NASHVILLE, Tenn. (WKRN) — A Nashville restaurant owner said they are pressing charges after a bachelorette party behaved badly, defied health orders, and coughed on an employee.
“I never thought that would happen here in Nashville, I never thought that, let alone in our establishment,” Mikey Corona, co-owner of the Mockingbird, told News 2.
Corona said one of his industry nightmares came true Saturday night after a member of the upset bachelorette party intentionally coughed on his assistant manager.
“It was intentional, it was malice, it was not done in any sort of accidental way. We knew exactly what that meant,” Corona explained.
He said the woman coughed three times while directing the cough with her hand toward his employee.
He said the group of 10 stomped out after not being allowed to move their tables together, a violation of the current Phase Two health orders. Additionally, some in the bachelorette party refused to wear a mask, he said, but coughing on his employee elevated the disruption to another level.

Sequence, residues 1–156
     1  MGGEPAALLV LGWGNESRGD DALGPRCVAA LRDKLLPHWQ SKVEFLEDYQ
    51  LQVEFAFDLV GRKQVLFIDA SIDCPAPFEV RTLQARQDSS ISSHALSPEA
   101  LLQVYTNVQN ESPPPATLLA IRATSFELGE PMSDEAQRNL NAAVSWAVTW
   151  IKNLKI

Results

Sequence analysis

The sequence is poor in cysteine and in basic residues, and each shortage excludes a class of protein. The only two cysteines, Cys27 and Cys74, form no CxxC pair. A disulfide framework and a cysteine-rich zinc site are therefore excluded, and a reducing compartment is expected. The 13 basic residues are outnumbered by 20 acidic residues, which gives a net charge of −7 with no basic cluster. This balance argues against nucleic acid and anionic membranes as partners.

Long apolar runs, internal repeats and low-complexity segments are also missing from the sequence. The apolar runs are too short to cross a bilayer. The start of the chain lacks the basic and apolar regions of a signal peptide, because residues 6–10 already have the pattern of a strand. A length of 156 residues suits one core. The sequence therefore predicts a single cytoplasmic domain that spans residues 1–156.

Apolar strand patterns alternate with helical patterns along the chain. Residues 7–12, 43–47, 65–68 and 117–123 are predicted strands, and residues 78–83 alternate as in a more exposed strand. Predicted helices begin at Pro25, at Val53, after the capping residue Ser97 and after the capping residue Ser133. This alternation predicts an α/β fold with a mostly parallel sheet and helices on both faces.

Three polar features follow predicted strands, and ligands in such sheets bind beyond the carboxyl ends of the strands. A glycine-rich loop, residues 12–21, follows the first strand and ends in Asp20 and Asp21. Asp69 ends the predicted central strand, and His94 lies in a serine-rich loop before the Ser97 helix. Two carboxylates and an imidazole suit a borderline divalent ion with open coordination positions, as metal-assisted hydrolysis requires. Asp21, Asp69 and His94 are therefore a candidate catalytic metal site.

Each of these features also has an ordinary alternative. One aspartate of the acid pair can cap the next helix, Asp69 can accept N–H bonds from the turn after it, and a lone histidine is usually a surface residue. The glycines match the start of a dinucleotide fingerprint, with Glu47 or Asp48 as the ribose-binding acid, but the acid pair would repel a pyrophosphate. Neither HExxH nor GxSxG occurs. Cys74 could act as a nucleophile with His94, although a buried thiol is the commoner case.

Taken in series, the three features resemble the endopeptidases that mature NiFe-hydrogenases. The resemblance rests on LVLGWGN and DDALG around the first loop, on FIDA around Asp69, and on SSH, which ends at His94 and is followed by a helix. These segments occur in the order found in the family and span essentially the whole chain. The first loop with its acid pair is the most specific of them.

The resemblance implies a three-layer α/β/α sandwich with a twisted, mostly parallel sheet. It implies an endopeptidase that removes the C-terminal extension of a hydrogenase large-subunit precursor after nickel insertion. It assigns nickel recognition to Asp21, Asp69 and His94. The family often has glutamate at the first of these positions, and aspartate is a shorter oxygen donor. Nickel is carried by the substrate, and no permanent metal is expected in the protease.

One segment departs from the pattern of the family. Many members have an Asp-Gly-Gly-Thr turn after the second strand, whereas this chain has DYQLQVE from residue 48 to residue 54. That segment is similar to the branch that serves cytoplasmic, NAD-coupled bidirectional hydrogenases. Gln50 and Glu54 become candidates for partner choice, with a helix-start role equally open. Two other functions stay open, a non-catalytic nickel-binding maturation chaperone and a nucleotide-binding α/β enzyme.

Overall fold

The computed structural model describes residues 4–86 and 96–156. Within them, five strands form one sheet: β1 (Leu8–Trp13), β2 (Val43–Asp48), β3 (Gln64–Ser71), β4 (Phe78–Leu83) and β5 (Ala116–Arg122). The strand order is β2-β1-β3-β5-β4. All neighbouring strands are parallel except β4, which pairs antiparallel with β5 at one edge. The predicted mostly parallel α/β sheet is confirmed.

“That’s the equivalent of spitting on somebody or slapping somebody, let alone during the pandemic.”
Now the quaint, locally owned restaurant is dealing with the repercussions. Corona said they are down an employee when the restaurant is already struggling to stay afloat with the city’s current orders.
“She is now going to be quarantined, she’s got to get tested, she can’t be around her family. As a business, we are having to pay for her not to be here, as well, and so it’s just a struggle all around and it’s not necessary. You know we are all about fun in this town, but when you come in with your bedazzled cowboy boots and you stomp on us like we are a mat that’s not ok. That’s where you have to draw the line because we are also human and you should respect that first and foremost,” explained Corona.
A reporter with News 2’s affiliate station in Mobile, Alabama spoke with two of the girls in the bachelorette party who deny the allegations, saying they are consulting with a lawyer.
Metro police are investigating the case as a simple assault.